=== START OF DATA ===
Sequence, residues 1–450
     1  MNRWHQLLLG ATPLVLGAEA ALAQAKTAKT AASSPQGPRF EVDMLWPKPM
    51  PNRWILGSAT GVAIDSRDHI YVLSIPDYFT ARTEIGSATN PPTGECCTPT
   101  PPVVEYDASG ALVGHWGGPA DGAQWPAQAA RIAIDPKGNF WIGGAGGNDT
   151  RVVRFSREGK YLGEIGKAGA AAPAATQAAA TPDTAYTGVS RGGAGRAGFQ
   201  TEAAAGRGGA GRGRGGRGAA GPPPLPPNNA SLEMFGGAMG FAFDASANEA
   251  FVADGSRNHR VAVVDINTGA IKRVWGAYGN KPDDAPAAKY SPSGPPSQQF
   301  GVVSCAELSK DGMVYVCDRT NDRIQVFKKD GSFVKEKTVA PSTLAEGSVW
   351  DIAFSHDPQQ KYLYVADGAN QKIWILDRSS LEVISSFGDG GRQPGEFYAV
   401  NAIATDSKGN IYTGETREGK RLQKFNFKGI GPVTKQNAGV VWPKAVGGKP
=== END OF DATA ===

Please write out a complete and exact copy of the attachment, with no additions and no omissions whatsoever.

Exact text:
Sequence, residues 1–450
     1  MNRWHQLLLG ATPLVLGAEA ALAQAKTAKT AASSPQGPRF EVDMLWPKPM
    51  PNRWILGSAT GVAIDSRDHI YVLSIPDYFT ARTEIGSATN PPTGECCTPT
   101  PPVVEYDASG ALVGHWGGPA DGAQWPAQAA RIAIDPKGNF WIGGAGGNDT
   151  RVVRFSREGK YLGEIGKAGA AAPAATQAAA TPDTAYTGVS RGGAGRAGFQ
   201  TEAAAGRGGA GRGRGGRGAA GPPPLPPNNA SLEMFGGAMG FAFDASANEA
   251  FVADGSRNHR VAVVDINTGA IKRVWGAYGN KPDDAPAAKY SPSGPPSQQF
   301  GVVSCAELSK DGMVYVCDRT NDRIQVFKKD GSFVKEKTVA PSTLAEGSVW
   351  DIAFSHDPQQ KYLYVADGAN QKIWILDRSS LEVISSFGDG GRQPGEFYAV
   401  NAIATDSKGN IYTGETREGK RLQKFNFKGI GPVTKQNAGV VWPKAVGGKP